Create a Chronological Object

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Description

Create chronological objects which represent dates and times of day.

Usage

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chron(dates., times., format = c(dates = "m/d/y", times = "h:m:s"),
      out.format, origin.)

Arguments

dates.

character or numeric vector specifying dates. If character, dates. are assumed to be in one of the date formats below; if numeric, dates. are assumed to be Julian dates, i.e., number of days since origin..

times.

optional character or numeric vector specifying times of day. If character, times. are assumed to be in one of the time formats below; if numeric, times. are assumed to be fractions of a day.

format

vector or list specifying the input format of the input. The format can be either strings specifying one of the recognized formats below or a list of user-supplied functions to convert dates from character into Julian dates and vice versa.

The dates format can be any permutation of the characters "d", "m", or "y" delimited by a separator (possibly null), e.g., "m/d/y", "d-m-y", "ymd", are all valid; the format can also be permutations of the words "day", "month" and "year" (with non-null separator), which produces the month name, e.g., "month day year" produces "April 20 1992", "day mon year" produces "20 Apr 1992".

The times format can be any permutation of "h", "m", and "s" separated by any one non-special character. The default is "h:m:s".

out.format

vector or list specifying date and time format for printing and output. Default is same as format.

origin.

a vector specifying the date with respect to which Julian dates are computed. Default is c(month = 1, day = 1, year = 1970); you may set the option chron.origin to specify your own default, e.g., options(chron.origin = c(month=1, day=1, year=1990)).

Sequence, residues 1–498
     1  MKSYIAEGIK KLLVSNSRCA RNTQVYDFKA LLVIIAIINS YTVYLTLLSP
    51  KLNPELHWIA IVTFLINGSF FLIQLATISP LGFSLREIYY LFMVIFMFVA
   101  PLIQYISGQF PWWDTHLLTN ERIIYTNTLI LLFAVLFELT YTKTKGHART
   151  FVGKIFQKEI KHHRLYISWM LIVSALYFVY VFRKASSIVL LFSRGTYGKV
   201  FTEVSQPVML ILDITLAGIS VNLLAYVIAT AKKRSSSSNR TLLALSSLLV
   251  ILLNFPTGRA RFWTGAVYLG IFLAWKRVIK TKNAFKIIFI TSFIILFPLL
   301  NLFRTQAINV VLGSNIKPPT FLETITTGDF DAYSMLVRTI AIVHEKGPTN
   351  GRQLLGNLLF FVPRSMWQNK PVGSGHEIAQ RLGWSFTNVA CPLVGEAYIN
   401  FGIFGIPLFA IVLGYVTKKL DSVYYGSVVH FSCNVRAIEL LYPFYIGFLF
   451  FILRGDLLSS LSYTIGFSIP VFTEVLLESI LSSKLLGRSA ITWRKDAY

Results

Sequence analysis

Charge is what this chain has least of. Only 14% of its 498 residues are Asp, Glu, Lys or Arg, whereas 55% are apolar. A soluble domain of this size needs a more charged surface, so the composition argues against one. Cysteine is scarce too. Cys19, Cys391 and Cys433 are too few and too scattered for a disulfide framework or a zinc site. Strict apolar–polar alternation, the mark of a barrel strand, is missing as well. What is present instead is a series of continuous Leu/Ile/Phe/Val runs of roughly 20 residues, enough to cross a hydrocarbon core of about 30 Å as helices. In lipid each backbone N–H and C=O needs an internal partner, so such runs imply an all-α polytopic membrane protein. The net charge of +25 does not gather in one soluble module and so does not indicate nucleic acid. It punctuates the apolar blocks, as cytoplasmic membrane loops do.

Value

An object of class "times" if only times. were specified, "dates" if only dates., or "chron" if both dates. and times. were supplied. All these inherit from class "times".

These objects represent dates and times of day, and allow the following arithmetic and summaries: subtraction d1-d2, constant addition d1+constants, all logical comparisons, summaries min(), max(), and range() (which drop NAs by default); constants specify days (fractions are converted to time-of-day, e.g., 2.5 represents 2 days and 12 hours). Operations such as sorting, differencing, etc., are automatically handled.

There are methods for as.character(), as.numeric(), cut(), is.na(), print(), summary(), plot(), lines(), lag(), and the usual subsetting functions [, [<-. The functions days(), months(), quarters(), years(), weeks(), weekdays(), hours(), minutes(), and seconds() take any chron object as input and extract the corresponding time interval. cut() is used to create ordered factors from chron objects. Chronological objects may be used with the modeling software.

If x is character then it will be converted using as.POSIXct (with the format argument, if any, passed to as.POSIXct) and tz = "GMT" and then converted to chron. If x is numeric and format is not specified then it will be converted to chron using chron(x). If x is numeric and format is specified then x will be converted to character and then processed using as.POSIXct as discussed above. If the format is specified as NULL it will be treated the same as if it were missing.

The current implementation of chron objects does not handle time zones nor daylight savings time.

See Also

dates, times, julian.default, cut.dates, seq.dates.

Examples

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dts <- dates(c("02/27/92", "02/27/92", "01/14/92",
               "02/28/92", "02/01/92"))
dts
# [1] 02/27/92 02/27/92 01/14/92 02/28/92 02/01/92
tms <- times(c("23:03:20", "22:29:56", "01:03:30",
               "18:21:03", "16:56:26"))
tms
# [1] 23:03:20 22:29:56 01:03:30 18:21:03 16:56:26
x <- chron(dates = dts, times = tms)
x
# [1] (02/27/92 23:03:19) (02/27/92 22:29:56) (01/14/92 01:03:30)
# [4] (02/28/92 18:21:03) (02/01/92 16:56:26)

# We can add or subtract scalars (representing days) to dates or
# chron objects:
c(dts[1], dts[1] + 10)
# [1] 02/27/92 03/08/92
dts[1] - 31
# [1] 01/27/92

# We can substract dates which results in a times object that
# represents days between the operands:
dts[1] - dts[3]
# Time in days:
# [1] 44

# Logical comparisons work as expected:
dts[dts > "01/25/92"]
# [1] 02/27/92 02/27/92 02/28/92 02/01/92
dts > dts[3]
# [1]  TRUE  TRUE FALSE  TRUE  TRUE

# Summary operations which are sensible are permitted and work as
# expected:
range(dts)
# [1] 01/14/92 02/28/92
diff(x)
# Time in days:
# [1]  -0.02319444 -44.89335648  45.72052083 -27.05876157
sort(dts)[1:3]
# [1] 01/14/92 02/01/92 02/27/92